A study from the UC’s Giannini Foundation of Agricultural Economics predicted that the increased optimism about the arrival of the COVID-19 vaccine in the United States will lead to stricter levels of social distancing.
The research for the study began in spring 2020 when shelter-in-place guidances were first put in place, according to study co-author Terrence Iverson. Originally, the authors were focusing on social distancing in a pandemic, but as research continued, the topic was narrowed down to discussing the relationship between social distancing policy and vaccine arrival.
“Some MIT economist came out with a very similar paper before we finished our paper, so we were sort of halfway through our research project and started getting into some of these questions about vaccine arrival,” Iverson said.
According to the research, in late 2020 and early 2021, there was an optimal policy of stronger social distancing among the U.S. population when it was optimistic a vaccine would arrive earlier.
The authors used a specific model in epidemiology research known as the Susceptible-Infected-Recovered model, which helped them evaluate the population as a responsive network. The model described how the individuals within that network progress from being susceptible or exposed to the virus, to becoming infected and, finally, to recovering — possibly with immunity — or dying.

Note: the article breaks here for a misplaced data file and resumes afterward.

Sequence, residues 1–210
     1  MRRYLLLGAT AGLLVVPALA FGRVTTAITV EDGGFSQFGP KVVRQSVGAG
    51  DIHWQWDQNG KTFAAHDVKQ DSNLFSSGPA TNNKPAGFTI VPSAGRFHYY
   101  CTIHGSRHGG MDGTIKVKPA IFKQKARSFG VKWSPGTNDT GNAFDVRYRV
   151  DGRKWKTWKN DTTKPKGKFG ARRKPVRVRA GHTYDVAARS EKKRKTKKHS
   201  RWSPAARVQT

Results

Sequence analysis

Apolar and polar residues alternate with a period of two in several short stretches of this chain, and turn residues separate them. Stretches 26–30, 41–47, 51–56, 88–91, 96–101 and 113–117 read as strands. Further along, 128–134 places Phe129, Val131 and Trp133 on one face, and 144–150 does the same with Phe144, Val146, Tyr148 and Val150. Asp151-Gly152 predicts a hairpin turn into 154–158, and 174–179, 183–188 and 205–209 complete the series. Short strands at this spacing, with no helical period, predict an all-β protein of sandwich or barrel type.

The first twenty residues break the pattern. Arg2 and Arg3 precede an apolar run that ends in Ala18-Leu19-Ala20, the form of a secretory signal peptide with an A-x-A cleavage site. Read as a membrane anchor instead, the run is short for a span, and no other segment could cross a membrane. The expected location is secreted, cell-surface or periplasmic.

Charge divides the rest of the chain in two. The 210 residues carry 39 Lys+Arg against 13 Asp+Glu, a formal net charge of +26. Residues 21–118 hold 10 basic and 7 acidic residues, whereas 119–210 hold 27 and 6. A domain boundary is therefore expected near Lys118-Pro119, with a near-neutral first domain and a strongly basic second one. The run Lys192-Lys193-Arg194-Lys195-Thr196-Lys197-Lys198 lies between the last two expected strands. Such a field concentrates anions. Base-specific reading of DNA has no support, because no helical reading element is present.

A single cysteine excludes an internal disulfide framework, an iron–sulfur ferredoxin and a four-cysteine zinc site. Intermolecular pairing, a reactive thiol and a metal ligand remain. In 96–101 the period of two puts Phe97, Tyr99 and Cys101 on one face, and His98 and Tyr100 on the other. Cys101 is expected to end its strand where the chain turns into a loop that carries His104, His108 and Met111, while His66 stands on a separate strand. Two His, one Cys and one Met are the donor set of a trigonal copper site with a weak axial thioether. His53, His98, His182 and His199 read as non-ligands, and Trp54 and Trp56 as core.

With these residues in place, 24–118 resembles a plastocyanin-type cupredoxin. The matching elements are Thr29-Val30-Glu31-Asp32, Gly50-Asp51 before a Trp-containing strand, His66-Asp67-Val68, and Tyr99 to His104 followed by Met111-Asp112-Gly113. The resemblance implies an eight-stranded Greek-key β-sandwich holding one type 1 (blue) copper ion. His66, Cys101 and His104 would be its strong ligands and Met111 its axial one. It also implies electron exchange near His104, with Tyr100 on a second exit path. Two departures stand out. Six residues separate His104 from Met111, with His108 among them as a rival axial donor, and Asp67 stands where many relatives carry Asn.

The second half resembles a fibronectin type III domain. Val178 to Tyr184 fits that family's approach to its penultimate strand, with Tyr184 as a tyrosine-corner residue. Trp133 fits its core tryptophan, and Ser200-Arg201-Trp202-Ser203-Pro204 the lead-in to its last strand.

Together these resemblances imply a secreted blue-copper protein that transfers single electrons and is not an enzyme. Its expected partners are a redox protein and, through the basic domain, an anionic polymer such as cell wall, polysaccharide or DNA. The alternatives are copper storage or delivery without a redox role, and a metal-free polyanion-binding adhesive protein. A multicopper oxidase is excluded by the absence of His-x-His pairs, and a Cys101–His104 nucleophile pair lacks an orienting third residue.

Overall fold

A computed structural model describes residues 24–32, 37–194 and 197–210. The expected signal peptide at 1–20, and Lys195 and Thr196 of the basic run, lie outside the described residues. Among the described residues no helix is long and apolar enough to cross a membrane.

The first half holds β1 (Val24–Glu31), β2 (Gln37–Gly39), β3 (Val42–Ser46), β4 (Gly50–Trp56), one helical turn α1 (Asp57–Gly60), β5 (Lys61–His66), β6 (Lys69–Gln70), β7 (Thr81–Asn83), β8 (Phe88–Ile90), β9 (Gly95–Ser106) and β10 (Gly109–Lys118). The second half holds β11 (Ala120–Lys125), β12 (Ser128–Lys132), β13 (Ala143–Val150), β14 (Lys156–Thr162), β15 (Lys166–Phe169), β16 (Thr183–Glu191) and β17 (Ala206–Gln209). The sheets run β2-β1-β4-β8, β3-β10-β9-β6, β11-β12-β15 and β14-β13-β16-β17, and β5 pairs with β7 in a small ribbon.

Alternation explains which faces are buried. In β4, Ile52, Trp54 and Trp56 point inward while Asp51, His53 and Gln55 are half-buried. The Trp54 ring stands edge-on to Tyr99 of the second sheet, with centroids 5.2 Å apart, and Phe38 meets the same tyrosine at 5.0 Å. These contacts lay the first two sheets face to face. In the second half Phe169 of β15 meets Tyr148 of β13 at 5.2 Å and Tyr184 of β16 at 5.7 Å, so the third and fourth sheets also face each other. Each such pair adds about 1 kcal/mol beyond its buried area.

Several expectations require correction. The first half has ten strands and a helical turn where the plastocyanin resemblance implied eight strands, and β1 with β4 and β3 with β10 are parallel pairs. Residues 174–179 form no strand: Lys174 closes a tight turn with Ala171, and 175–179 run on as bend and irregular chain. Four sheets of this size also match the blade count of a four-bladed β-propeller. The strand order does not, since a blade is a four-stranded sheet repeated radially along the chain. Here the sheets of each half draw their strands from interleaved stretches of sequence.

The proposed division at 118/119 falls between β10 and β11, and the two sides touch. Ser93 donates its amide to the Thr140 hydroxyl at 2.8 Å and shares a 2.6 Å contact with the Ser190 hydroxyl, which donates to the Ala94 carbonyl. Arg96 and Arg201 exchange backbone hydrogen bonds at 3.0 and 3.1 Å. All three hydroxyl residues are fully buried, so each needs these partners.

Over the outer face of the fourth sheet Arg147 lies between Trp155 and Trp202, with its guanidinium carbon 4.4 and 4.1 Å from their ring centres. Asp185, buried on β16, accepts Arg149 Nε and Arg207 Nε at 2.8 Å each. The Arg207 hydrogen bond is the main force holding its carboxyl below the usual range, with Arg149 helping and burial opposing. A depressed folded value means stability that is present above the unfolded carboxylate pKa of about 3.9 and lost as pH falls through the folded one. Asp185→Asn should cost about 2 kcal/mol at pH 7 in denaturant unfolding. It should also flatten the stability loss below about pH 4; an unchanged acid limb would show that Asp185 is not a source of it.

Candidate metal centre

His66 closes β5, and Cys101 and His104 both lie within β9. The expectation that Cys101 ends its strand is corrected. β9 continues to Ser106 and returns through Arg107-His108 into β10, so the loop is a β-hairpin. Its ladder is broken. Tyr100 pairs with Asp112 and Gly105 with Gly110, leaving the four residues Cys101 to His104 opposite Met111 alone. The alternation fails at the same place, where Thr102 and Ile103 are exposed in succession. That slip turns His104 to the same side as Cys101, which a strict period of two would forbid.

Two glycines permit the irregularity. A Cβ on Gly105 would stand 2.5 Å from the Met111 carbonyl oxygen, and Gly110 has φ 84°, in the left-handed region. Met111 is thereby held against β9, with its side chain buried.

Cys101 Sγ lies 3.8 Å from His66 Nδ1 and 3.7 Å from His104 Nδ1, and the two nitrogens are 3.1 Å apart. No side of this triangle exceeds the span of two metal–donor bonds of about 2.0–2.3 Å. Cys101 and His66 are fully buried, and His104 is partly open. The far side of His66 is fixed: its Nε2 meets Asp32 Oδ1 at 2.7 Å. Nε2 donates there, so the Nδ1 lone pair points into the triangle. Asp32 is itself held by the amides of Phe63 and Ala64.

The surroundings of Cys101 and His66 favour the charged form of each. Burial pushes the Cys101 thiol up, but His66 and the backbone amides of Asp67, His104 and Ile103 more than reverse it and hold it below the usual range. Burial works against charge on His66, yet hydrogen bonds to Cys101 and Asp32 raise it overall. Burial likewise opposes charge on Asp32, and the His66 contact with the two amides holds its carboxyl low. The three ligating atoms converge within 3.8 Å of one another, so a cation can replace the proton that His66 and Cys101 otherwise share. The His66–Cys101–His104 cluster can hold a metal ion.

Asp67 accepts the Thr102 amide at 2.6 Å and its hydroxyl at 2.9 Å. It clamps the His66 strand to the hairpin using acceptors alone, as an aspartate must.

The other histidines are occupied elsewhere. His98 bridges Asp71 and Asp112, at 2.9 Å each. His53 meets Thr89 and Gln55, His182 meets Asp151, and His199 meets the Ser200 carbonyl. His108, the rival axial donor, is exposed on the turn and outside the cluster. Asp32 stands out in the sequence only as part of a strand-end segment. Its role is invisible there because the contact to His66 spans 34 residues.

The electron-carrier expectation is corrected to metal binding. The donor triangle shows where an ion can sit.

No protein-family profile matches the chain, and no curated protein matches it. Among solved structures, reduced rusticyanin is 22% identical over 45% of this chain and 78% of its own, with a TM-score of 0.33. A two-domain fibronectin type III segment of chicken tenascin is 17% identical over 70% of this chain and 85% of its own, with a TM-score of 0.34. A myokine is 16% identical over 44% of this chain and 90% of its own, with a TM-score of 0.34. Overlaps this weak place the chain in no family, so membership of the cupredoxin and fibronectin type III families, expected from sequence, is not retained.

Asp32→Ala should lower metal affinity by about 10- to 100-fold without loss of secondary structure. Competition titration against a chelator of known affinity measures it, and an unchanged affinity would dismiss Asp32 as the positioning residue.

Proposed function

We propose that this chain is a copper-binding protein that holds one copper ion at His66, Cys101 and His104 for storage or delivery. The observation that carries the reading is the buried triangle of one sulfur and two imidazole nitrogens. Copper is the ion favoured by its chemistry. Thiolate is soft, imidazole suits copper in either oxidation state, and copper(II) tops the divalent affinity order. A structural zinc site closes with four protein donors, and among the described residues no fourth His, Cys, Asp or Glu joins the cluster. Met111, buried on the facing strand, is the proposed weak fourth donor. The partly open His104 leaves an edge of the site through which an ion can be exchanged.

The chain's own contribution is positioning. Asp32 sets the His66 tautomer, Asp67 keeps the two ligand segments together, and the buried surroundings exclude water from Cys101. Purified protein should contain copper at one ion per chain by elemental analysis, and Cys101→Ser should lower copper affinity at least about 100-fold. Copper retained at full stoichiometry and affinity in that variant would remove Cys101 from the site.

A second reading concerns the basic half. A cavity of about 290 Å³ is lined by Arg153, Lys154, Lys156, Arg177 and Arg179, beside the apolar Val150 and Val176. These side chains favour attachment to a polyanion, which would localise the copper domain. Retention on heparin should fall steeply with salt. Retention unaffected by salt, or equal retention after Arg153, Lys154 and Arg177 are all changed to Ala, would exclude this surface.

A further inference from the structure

“Our results suggest that as we become more optimistic about near-term vaccine ‘arrival,’ we should strengthen social distancing policy,” said Larry Karp, campus professor and study co-author, in an email.
The researchers also investigated the proposals to reach herd immunity. They examined the Great Barrington Declaration, which attracted the Trump administration in late 2020.
One of the two policies in the declaration is that more vulnerable groups would follow stricter social distancing measures, while the second was that lower-risk sectors of the population would not be subject to any form of social distancing.
“Early in the pandemic, when there was tremendous uncertainty and significant pessimism about the vaccine’s arrival time, the proposal was plausible,” the study reads. “But, if vaccine ‘arrival’ is imminent—as in late 2020 and early 2021—then the policy is catastrophic.”
However, Julia Schaletzky, executive director of Henry Wheeler Center for Emerging and Neglected Diseases, said the study’s findings require more variables to be in place in order to come to an informed conclusion.
“For me, (the) most critical (variable) is the arrival of other variants that could mean re-infection and also eventually infect vaccinated people,” Schaletzky said in an email.
The study also acknowledged that there are many other factors that play into the link between following social distancing policies and the arrival of the vaccine.
While the study authors are not currently doing further research on this topic, Karp said their findings will be useful, as there is now more knowledge regarding how to model policy questions and obtain legitimate results.
“The identification and explanation of the mechanism that relates the level of optimal social distancing and the optimism about early vaccine ‘arrival’ is (somewhat) new in the economics literature, and might spur further research into the topic,” Karp said in the email.